Related topics: enzyme · cells · protein · amino acids

A new spin on life's origin?

A research team at The University of Tokyo has reproducibly synthesized staircase-like supramolecules of a single handedness, or chirality, using standard laboratory equipment. By gradually removing the solvent from a rotating ...

Did microbes assist life in colonizing land?

All living organisms exist and function only in cooperation with an abundance of symbiotic microorganisms, and have developed together with them over the course of the earth's history. This central finding of modern life ...

Microorganisms on microplastics

Organisms can grow on microplastics in freshwater ecosystems. The findings of a recent study undertaken by researchers from the Leibniz-Institute of Freshwater Ecology and Inland Fisheries (IGB) and the Leibniz Institute ...

Investigating cell stress for better health—and better beer

Human beings are not the only ones who suffer from stress—even microorganisms become stressed out. Now, researchers from Chalmers University of Technology, Sweden, have devised a new method to study how single biological ...

Lightning's electromagnetic fields may have protective properties

Lightning was the main electromagnetic presence in the Earth's atmosphere long before the invention of electricity. There are some 2,000 thunderstorms active at any given time, so humans and other organisms have been bathed ...

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Organism

In biology, an organism is any living system (such as animal, plant, fungus, or micro-organism). In at least some form, all organisms are capable of response to stimuli, reproduction, growth and development, and maintenance of homeostasis as a stable whole. An organism may either be unicellular (single-celled) or be composed of, as in humans, many billions of cells grouped into specialized tissues and organs. The term multicellular (many-celled) describes any organism made up of more than one cell.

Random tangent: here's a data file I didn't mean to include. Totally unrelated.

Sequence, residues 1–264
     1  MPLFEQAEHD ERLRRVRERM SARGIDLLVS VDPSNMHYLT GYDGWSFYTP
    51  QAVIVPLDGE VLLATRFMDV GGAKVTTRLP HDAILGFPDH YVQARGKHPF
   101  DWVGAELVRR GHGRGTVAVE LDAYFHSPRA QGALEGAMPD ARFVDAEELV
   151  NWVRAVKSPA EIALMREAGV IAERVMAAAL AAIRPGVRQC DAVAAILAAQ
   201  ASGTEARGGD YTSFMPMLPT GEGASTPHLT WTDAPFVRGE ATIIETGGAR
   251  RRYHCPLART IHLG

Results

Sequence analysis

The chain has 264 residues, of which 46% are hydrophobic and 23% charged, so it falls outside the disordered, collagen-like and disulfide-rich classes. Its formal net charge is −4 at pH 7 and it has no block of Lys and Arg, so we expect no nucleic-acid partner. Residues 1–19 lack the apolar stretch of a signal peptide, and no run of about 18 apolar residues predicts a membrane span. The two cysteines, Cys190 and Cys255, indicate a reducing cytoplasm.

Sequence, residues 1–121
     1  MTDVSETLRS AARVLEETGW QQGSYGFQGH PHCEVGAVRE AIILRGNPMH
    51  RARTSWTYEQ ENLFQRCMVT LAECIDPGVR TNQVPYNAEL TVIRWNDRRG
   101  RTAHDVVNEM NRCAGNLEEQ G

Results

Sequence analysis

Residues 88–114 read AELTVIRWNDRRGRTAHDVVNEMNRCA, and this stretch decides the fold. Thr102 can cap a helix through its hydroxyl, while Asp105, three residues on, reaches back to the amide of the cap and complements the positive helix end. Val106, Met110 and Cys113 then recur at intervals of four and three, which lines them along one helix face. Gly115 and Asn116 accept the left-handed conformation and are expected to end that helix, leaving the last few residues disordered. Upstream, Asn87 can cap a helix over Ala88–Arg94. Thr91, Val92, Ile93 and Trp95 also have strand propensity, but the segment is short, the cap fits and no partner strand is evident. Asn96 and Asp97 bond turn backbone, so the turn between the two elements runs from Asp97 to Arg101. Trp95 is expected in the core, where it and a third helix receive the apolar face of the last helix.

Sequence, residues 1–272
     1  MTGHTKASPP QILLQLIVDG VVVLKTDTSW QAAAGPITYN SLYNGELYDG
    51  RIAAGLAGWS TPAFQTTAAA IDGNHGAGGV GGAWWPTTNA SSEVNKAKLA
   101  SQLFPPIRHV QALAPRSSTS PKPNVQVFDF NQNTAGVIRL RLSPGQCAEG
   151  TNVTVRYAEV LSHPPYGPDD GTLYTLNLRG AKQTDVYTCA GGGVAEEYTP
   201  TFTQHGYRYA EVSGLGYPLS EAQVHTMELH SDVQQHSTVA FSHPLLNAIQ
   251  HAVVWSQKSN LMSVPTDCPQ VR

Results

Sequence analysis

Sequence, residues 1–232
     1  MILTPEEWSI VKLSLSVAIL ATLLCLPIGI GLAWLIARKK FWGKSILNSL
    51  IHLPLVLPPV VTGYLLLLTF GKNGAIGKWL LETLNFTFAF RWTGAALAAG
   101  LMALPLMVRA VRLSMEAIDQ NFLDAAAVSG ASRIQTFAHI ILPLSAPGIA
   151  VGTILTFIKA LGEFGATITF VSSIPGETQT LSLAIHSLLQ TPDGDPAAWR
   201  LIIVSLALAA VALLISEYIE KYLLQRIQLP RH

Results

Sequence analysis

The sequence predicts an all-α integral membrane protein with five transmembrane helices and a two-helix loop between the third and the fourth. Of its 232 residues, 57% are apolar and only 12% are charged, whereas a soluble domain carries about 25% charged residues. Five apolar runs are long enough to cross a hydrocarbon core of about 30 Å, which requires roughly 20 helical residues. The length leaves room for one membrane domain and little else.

The terms "organism" (Greek ὀργανισμός - organismos, from Ancient Greek ὄργανον - organon "organ, instrument, tool") first appeared in the English language in 1701 and took on its current definition by 1834 (Oxford English Dictionary).

Scientific classification in biology considers organisms synonymous with life on Earth. Based on cell type, organisms may be divided into the prokaryotic and eukaryotic groups. The prokaryotes represent two separate domains, the Bacteria and Archaea. Eukaryotic organisms, with a membrane-bounded cell nucleus, also contain organelles, namely mitochondria and (in plants) plastids, generally considered to be derived from endosymbiotic bacteria. Fungi, animals and plants are examples of species that are eukaryotes.

More recently a clade, Neomura, has been proposed, which groups together the Archaea and Eukarya. Neomura is thought to have evolved from Bacteria, more specifically from Actinobacteria.

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